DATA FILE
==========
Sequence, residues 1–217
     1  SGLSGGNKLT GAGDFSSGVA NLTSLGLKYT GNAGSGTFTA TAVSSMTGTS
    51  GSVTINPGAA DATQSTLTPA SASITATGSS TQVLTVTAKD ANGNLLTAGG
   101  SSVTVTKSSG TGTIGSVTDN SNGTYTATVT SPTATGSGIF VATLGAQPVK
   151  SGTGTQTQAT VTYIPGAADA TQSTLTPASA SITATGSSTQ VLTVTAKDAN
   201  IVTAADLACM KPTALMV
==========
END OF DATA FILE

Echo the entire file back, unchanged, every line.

Sequence, residues 1–217
     1  SGLSGGNKLT GAGDFSSGVA NLTSLGLKYT GNAGSGTFTA TAVSSMTGTS
    51  GSVTINPGAA DATQSTLTPA SASITATGSS TQVLTVTAKD ANGNLLTAGG
   101  SSVTVTKSSG TGTIGSVTDN SNGTYTATVT SPTATGSGIF VATLGAQPVK
   151  SGTGTQTQAT VTYIPGAADA TQSTLTPASA SITATGSSTQ VLTVTAKDAN
   201  IVTAADLACM KPTALMV